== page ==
This trend will also affect domestic business tourism. Therefore, collaboration with local economy and industry will be essential, as well as creating a deliberate strategy to procure the event management from small businesses, so that these can sustain themselves.
Large events with significant budgets need to pair event organisers to spread the opportunities. Deliberate attempts must be made to create opportunities for Small and Medium Enterprises (SMEs). Therefore, it will be essential to educate, lobby and appeal to event owners to choose a spread of SMEs rather that single companies. All companies are in the same situation, but the majority of companies are SMEs. But, research, knowledge creation and expertise gathering are at the centre of many MICE events. Therefore, the MICE industry needs to become a more customer centred niche.
In the meantime, in order to stay afloat, the tourism industry needs to try to maintain cash flow and cut down on unnecessary expenses. They need to identify and eliminate areas of waste in order to stretch the Rand. Redirected funding is going to be critical- opening doors to fewer people, but at least paying clients is a better objective to set than large huge event plans or campaigns. Incremental changes are crucial and reconsideration of all expenditures should be spent on tourism technology and perhaps going paperless would be a good opportunity.
SMEs were founded on the concept of collaboration. The tourism industry will need to collaborate and share in benefits, to be able to survive financially, otherwise it will take longer to recover. As the proverb states, “If you want to go fast, go alone, if you want to go far, go together.” By collaboration, tourism businesses must make use of local skills and resources to rebuild the local economy. To be able to maintain sustainability within a domestic market, tourism businesses need to offer competitive prices, but not international prices. The challenge lies in being competitive and sustainable at the same time.
Initial prognoses indicated that for the first six months following the end of the lockdown period, South Africans will remain within their own country and travel domestically. Since domestic markets are expected to recover first on the potential road to recovery, the local tourism businesses must offer value for money products and services in collaboration with their partners and create networks to put together safe and trusted experiences and products. They must re-establish the trust of future travellers, as this is vital in the travel decision. Domestic travel needs to be safe, easy, local and flexible. Local businesses will need to offer locally geared prices for travel experiences to make travel affordable for local travellers.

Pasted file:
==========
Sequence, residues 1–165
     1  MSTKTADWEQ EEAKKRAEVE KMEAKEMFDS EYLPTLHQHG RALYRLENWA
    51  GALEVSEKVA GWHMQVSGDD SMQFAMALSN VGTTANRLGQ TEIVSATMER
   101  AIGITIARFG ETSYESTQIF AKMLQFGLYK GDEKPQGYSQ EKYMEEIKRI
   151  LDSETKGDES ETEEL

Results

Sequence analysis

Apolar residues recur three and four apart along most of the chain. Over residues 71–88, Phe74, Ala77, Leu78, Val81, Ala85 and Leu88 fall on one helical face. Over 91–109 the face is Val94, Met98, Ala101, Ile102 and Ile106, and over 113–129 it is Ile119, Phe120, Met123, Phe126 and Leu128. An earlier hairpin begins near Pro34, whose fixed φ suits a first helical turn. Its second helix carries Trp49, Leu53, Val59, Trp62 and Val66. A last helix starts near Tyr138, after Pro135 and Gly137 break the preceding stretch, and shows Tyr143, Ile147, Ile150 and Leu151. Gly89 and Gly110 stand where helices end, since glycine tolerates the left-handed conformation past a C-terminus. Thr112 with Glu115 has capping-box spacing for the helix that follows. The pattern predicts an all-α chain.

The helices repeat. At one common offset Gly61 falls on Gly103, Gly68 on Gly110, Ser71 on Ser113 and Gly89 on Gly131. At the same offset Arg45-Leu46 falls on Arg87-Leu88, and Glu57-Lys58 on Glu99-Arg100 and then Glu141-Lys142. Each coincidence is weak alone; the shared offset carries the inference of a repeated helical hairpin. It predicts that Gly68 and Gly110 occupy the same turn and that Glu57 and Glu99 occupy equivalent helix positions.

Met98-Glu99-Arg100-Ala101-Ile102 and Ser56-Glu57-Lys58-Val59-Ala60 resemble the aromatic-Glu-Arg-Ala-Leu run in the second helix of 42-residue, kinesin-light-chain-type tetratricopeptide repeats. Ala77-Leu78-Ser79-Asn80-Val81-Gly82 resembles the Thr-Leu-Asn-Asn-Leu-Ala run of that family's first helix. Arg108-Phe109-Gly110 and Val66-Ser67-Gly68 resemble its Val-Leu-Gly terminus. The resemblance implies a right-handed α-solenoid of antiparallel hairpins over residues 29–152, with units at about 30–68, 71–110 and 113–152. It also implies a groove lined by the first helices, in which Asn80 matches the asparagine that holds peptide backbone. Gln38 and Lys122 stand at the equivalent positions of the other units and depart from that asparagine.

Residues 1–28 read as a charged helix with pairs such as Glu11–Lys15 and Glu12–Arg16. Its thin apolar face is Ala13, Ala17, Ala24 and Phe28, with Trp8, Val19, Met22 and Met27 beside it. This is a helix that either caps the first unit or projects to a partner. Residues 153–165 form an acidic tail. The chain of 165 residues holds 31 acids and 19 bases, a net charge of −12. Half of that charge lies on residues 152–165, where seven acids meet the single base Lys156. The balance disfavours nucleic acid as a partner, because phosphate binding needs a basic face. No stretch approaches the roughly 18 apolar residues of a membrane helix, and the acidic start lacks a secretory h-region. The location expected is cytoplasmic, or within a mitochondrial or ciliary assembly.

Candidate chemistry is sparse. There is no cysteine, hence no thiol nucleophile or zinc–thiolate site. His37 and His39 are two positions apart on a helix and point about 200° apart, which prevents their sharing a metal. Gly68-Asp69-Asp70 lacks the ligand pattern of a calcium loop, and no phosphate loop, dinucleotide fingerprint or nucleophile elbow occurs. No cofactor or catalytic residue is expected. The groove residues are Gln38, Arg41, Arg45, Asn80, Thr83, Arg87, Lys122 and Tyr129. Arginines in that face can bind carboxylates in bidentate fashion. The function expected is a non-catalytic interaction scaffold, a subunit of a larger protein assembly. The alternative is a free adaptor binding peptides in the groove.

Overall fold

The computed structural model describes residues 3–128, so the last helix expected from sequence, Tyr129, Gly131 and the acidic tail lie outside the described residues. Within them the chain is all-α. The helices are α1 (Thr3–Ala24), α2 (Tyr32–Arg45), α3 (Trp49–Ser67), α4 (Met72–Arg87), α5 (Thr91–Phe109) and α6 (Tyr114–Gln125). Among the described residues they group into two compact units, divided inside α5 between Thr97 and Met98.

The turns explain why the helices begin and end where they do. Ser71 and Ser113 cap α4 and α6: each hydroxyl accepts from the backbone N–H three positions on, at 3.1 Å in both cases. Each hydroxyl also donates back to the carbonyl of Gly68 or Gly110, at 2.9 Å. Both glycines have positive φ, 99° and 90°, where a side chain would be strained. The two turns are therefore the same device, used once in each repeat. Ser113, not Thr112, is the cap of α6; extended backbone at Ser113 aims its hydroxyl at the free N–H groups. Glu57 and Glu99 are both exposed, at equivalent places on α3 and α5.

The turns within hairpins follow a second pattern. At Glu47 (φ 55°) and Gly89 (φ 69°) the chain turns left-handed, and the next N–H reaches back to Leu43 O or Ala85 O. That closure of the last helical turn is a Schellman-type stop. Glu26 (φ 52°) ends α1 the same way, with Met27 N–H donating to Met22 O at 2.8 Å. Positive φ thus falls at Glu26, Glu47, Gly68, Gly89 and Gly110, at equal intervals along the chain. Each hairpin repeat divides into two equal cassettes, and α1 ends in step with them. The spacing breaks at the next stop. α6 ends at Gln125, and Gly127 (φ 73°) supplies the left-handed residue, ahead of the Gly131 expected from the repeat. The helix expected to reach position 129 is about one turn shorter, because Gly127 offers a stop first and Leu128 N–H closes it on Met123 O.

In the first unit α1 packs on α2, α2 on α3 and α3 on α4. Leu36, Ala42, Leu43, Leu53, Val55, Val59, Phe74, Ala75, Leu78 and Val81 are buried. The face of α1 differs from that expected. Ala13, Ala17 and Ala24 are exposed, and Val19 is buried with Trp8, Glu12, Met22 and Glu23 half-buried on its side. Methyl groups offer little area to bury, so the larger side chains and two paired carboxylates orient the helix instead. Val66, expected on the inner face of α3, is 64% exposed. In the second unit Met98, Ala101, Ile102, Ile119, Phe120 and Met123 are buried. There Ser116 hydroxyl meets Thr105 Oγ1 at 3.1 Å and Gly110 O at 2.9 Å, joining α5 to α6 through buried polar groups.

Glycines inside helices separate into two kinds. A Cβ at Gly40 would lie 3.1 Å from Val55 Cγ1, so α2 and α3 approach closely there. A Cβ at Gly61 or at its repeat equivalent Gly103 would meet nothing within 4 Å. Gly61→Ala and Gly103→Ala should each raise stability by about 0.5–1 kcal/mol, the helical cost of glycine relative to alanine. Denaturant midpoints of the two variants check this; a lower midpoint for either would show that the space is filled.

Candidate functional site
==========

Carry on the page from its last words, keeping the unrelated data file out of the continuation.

Only once international borders start opening up again, international prices should be re-introduced. Until the crisis is over, the time should be used productively for building and sharing skills, identifying new opportunities, building new networks and collaboration, improving connections and building a new and better brand for South African tourism: Stay home today, travel tomorrow. People will think about their first trip away. Tourism businesses need to identify what they crave and need.
As South African tourism industry is experiencing unprecedented challenges, the path to the recovery of the museum, heritage, arts and cultural sector will remain very challenging. The declaration of the National State of Disaster has had dire implications for all and future lockdowns have not been excluded as Covid-19 is unpredictable. The following lessons can be learned:
- Greater collaboration with local partners is going to be key to the road to recovery.
- As domestic markets are likely to recover first, local communities and people coming out of lockdown will be searching for nearby local, relaxing, memorable and affordable experiences in small groups with trusted loved ones.
- The increased use of digital media, tourism technology and online offerings will allow for better communication and engagement.
- Museums and art galleries must commence now with post-Covid plans, to inspire and entice future visitors to enjoy collections, galleries and exhibitions as a relaxing experience not necessarily a learning one. Tourist escapism will be crucial.